Imagine yourself as a passenger on the beautiful, yet sinking, Titanic. Frantically you and the other passengers are working on an immediate plan to save yourselves within the next few hours that you all have to live. Meanwhile, the owner of the Titanic is in his New York City office, sitting at a table with his top financial advisors. They expect to work for the next several days on the “best plan” to save the doomed ship. That, of course, won’t do for you and the other passengers; you all need action to save yourselves now. This analogy is used by the general manager of the Lafourche Levee Board, Windell Curole. He knows that communities on the Louisiana coast are precious “sinking ships,” and he works daily trying to protect these areas. ACTION is the answer! Not more studies and plans. Our entire nation needs to realize what is being lost each day.
Seven generations of Windell’s French speaking family have thrived in the estuaries of southeastern Louisiana created by the fresh water of Bayou Lafourche, Lake Salvador, and the Mississippi River mixing with the Gulf’s salty water. He is a loud and strong voice for Louisiana’s wetland preservation, and visiting with him as we traveled up Bayou Lafourche made us more aware than ever that communities and cultures are also what we losing along with our vanishing marshes.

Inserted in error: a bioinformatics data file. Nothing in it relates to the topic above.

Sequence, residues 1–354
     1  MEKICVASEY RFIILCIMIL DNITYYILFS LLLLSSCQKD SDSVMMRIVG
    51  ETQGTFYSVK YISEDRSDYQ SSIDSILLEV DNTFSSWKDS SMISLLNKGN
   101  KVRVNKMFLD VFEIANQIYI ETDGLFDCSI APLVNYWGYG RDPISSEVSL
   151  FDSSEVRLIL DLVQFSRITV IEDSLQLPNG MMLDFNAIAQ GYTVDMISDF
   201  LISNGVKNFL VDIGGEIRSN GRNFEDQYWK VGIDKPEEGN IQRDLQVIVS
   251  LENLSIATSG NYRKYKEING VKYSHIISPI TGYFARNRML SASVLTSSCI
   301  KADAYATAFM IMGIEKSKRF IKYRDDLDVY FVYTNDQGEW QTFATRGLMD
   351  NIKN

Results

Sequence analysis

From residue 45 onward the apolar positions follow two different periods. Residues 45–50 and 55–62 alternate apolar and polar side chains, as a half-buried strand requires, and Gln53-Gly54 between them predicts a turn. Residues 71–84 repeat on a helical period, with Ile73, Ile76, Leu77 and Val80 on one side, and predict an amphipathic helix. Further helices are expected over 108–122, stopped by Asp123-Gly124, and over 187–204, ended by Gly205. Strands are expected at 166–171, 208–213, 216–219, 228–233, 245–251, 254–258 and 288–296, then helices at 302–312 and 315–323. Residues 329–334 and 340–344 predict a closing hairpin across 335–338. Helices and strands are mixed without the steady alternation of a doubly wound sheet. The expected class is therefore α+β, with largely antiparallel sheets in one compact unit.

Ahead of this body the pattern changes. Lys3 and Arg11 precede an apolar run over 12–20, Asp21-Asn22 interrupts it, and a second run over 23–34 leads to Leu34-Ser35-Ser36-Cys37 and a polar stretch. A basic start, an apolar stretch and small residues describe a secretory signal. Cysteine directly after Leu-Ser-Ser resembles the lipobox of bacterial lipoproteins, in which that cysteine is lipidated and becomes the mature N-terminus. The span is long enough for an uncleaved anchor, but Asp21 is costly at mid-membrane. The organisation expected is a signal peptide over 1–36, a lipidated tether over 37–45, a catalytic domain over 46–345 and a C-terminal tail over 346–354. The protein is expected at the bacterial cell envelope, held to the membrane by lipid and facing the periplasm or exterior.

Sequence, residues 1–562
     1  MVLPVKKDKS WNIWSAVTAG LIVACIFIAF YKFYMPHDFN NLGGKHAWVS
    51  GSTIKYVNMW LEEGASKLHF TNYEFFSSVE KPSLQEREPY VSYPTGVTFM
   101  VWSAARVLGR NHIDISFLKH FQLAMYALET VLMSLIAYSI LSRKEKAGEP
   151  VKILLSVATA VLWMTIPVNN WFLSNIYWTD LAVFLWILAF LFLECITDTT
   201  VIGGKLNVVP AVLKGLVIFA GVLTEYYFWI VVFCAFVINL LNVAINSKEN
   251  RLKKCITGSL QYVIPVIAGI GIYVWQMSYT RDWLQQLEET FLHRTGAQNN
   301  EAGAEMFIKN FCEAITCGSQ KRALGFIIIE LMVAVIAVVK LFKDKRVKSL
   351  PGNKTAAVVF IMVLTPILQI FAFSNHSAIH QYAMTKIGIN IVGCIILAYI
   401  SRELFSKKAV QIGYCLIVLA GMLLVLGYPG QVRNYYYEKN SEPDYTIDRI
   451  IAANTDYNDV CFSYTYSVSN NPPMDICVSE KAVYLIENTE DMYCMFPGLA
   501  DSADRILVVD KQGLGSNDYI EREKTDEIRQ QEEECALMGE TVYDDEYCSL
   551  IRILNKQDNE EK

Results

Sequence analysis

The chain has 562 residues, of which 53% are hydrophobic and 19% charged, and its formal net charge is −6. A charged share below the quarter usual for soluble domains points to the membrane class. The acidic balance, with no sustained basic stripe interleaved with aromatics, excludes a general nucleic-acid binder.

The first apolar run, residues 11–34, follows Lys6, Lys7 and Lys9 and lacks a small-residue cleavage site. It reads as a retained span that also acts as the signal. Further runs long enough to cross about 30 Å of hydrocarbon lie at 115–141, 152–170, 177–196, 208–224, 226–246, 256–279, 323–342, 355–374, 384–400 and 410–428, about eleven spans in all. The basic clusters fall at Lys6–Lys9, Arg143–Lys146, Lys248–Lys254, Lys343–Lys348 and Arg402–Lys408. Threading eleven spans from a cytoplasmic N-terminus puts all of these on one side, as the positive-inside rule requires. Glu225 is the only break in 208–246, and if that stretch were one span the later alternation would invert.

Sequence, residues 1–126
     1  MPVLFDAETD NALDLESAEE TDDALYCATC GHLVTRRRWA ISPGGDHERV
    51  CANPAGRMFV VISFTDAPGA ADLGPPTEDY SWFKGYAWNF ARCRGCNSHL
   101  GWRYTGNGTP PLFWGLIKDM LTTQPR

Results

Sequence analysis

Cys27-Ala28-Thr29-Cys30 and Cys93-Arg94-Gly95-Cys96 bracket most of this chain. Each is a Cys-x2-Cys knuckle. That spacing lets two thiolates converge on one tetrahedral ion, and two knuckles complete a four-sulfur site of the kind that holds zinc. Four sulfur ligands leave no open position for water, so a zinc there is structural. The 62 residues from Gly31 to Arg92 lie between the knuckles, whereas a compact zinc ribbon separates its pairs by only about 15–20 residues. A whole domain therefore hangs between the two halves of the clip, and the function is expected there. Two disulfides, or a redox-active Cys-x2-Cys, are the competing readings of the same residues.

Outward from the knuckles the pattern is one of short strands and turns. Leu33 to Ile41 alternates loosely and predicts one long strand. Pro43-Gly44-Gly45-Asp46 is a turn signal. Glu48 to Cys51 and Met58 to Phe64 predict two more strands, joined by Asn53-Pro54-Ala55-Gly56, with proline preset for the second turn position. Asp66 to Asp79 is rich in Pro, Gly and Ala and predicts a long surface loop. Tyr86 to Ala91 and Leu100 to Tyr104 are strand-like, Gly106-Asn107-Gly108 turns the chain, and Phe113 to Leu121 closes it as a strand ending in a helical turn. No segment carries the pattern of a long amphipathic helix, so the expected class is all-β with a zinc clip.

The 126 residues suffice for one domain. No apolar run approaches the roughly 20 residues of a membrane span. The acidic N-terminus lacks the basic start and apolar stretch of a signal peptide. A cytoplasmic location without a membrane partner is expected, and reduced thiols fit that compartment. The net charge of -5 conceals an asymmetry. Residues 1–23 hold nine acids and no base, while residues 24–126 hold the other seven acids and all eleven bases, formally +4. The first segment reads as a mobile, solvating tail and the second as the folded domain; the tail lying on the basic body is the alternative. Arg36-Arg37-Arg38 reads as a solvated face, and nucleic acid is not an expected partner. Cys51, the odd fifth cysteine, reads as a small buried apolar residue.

Leaving the quiet salt marshes near Leeville, we headed north up the waterway called Bayou Lafourche. We were amongst a crowd of shrimp boats, tugs, barges, oyster luggers, cars, and trucks, the latter of which were on the two highways alongside this historic bayou. Lafourche is French for “the fork.” Bayou Lafourche was once a fork of the Mississippi River. In fact, it was the main channel of the Mississippi between 400 and 3,500 years ago.
Today upper Bayou Lafourche, with water purification plants at Napoleonville, Thibodaux, and Lockport, provides the drinking water for over 344,000 people. Since none of these plants can purify bayou water that has too much salt, it is the southernmost one at Lockport, which is closest to the Gulf, that most often has a problem with salt water intrusion. Because salt water from the Gulf is heavier than the fresh water that flows down Bayou Lafourche, the salt water can creep up the bayou along its bottom and create a wedge of salt water. The wedge can become quite thick if the wind is strong and from the south and the tide level of the Gulf is high, especially in autumn, when there is little or no rainfall, and the water level of the bayou drops. These events make it easier for the salt water wedge to creep farther north toward Lockport. When this happens it becomes necessary for the flood gates to close to keep the wedge away from the water plant at Lockport.
Louisiana Highway 1 on the west bank of Bayou Lafourche between Donaldsonville and Golden Meadow has been called the “longest street” in America. Stretching the truth just a little bit, you can throw a ball from one front porch to another the whole distance between those two towns.